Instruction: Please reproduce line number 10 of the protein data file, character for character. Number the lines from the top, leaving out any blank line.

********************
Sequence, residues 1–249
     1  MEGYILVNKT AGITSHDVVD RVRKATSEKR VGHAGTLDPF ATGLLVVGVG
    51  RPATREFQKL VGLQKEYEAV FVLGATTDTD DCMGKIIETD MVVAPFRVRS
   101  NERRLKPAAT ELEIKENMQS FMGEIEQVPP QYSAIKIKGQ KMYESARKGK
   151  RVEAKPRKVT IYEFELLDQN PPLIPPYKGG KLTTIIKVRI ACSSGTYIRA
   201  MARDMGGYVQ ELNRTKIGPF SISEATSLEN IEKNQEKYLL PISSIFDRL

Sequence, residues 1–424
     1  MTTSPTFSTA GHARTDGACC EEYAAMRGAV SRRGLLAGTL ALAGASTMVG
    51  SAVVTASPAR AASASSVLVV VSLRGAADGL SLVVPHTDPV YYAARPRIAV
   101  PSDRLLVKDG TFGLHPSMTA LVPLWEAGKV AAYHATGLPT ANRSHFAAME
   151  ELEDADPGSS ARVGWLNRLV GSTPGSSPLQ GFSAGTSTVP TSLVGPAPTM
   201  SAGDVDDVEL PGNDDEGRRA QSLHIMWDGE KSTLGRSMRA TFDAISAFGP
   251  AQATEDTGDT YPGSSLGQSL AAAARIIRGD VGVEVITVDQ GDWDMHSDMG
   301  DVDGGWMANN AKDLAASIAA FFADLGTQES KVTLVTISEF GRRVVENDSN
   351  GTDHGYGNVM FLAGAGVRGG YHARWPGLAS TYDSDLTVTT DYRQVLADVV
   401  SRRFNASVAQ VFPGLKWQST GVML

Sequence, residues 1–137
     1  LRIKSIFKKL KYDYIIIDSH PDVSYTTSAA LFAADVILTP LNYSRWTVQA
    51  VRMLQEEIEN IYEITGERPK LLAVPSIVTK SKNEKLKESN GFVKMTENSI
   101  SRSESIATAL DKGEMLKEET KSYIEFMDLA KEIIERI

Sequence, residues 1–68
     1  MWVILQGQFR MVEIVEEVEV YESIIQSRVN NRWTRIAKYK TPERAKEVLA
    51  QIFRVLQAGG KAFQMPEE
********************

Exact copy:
   101  PSDRLLVKDG TFGLHPSMTA LVPLWEAGKV AAYHATGLPT ANRSHFAAME